3. Consider treatments for vaginal rejuvenation using energy-based nonsurgical procedures on vaginal tissue that have been used to improve vaginal dryness or vaginal atrophy (thinning of the vaginal wall) during perimenopause or postmenopause. You should find a qualified healthcare physician for this treatment. Cleveland Clinic information on energy based treatments and vaginal rejuvenation.
  4. Consider vaginal dilator therapy that can be used at home to stretch the vagina because vaginal atrophy is associated with menopause. However, a recent study showed that there were no clinically proven standardized protocols or formalized guidelines to give to patients about how to best use their dilators. Larger long-term future studies are required to assess effectiveness [21]. Consult your gynecologist or urologist for more information.
  5. Find a network of perimenopausal and menopausal women who share their experiences, which can be helpful [18].
  6. Seek information to cope with menopause. The National Women’s Health Information Center has a section on menopause and perimenopause [18]. The North American Menopause Society (NAMS) is another option.
  7. Remembering that menopause is a normal physiological life transition can help women cope and view some changes as positive [18].

Works Cited

  1. Mayo Clinic. Menopause: Symptoms and causes. Website. Accessed 9.23.2020.
  2. Newson LR. Best practice for HRT: Unpicking the evidence. The British journal of general practice : the journal of the Royal College of General Practitioners. 2016;66(653):597-598.
  3. Agarwal S, Alzahrani FA, Ahmed A. Hormone replacement therapy: Would it be possible to replicate a functional ovary? International journal of molecular sciences. 2018;19(10):3160. doi: 10.3390/ijms19103160.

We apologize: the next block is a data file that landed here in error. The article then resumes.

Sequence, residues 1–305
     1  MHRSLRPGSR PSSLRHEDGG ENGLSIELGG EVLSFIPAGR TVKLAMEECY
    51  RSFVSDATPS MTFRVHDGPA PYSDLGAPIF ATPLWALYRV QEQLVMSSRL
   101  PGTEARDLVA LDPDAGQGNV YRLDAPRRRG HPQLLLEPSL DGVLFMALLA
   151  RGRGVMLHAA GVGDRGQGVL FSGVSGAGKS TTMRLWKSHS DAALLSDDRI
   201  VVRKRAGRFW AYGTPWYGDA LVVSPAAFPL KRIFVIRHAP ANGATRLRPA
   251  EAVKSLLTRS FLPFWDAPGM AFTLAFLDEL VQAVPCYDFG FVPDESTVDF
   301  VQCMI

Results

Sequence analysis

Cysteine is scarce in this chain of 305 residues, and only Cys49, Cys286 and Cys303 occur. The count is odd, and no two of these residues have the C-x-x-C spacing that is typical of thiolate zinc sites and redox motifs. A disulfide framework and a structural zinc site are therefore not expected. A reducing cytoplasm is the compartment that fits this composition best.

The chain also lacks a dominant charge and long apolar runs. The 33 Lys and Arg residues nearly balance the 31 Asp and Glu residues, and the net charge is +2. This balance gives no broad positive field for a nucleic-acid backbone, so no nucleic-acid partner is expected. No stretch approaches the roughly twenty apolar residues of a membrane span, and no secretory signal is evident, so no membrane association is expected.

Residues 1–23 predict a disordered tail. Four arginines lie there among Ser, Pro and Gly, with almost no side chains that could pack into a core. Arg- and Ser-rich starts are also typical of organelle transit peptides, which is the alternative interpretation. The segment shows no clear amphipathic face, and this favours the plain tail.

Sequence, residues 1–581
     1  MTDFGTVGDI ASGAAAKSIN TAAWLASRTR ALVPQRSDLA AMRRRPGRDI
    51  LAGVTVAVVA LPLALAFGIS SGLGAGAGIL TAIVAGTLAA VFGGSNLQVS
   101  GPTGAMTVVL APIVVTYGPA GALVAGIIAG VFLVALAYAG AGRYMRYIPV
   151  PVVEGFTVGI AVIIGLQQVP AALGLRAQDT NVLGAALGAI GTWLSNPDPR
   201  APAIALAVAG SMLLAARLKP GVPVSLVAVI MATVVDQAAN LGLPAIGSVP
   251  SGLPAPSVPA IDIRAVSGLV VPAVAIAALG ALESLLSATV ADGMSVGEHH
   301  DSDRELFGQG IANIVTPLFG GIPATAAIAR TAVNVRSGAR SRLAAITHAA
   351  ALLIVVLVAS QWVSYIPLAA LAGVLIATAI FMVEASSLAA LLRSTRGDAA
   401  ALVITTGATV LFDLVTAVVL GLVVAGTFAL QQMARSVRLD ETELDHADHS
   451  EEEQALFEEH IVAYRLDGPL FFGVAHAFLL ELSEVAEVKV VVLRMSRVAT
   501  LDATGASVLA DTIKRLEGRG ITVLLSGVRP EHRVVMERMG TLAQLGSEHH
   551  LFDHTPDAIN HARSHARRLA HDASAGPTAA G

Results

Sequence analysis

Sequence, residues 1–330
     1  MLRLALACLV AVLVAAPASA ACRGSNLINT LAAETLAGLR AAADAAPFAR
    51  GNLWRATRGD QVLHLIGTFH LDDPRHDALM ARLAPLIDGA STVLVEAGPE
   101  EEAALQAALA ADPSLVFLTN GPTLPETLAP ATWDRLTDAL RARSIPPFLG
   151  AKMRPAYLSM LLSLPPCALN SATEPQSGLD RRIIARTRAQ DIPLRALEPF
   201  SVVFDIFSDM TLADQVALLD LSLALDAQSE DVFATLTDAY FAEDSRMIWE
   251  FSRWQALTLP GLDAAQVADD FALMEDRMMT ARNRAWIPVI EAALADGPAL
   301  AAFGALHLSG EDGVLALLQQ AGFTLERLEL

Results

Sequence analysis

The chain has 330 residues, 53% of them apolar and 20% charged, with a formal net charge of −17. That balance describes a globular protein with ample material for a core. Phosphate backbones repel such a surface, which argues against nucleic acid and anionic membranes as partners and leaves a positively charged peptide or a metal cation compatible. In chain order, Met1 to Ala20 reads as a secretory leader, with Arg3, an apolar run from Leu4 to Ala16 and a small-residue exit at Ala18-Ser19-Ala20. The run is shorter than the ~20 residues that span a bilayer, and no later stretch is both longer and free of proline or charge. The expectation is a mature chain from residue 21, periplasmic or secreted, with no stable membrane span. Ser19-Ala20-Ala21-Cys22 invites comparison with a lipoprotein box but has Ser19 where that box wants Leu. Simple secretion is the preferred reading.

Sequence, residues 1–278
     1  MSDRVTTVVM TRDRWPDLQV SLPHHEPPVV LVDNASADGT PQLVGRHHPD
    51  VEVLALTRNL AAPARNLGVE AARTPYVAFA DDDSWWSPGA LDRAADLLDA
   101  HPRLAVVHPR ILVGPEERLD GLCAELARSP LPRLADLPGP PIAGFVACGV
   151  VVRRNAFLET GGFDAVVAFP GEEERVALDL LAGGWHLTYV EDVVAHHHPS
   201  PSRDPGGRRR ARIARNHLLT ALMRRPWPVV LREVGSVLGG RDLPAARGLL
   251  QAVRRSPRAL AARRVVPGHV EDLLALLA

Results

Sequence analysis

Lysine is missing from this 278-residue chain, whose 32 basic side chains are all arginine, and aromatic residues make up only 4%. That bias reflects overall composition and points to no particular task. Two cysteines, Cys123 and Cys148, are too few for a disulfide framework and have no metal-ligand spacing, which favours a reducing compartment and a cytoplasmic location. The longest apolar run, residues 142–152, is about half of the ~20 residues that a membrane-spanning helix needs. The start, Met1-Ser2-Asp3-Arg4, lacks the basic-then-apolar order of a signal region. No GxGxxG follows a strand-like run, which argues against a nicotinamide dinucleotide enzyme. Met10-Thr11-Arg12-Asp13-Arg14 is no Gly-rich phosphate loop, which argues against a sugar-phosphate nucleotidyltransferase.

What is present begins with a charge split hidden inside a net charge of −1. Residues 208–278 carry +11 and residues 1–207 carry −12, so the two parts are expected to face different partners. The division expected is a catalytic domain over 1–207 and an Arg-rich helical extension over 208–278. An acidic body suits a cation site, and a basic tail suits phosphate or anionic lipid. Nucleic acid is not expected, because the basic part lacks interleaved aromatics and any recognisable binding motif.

4. Real FG, Svanes C, Omenaas ER, et al. Lung function, respiratory symptoms, and the menopausal transition. Journal of allergy and clinical immunology. 2008;121(1):72-80.e3. doi: 10.1016/j.jaci.2007.08.057.
  5. Cyganek A, Pietrzak B, Wielgoś M, Grzechocińska B. Menopause in women with chronic immunosuppressive treatment – how to help those patients. Przegla̜d menopauzalny. 2016;15(1):1-5. doi: 10.5114/pm.2016.58765.
  6. Cystic Fibrosis Foundation. Adult guide to cystic fibrosis. n.d.
  7. Bromberger JT, Epperson CN. Depression during and after the perimenopause: Impact of hormones, genetics, and environmental determinants of disease. Obstetrics and gynecology clinics of North America. 2018;45(4):663-678. doi: 10.1016/j.ogc.2018.07.007.
  8. Triebner K, Matulonga B, Johannessen A, et al. Menopause is associated with accelerated lung function decline. American journal of respiratory and critical care medicine. 2017;195(8):1058-1065. doi: 10.1164/rccm.201605-0968oc.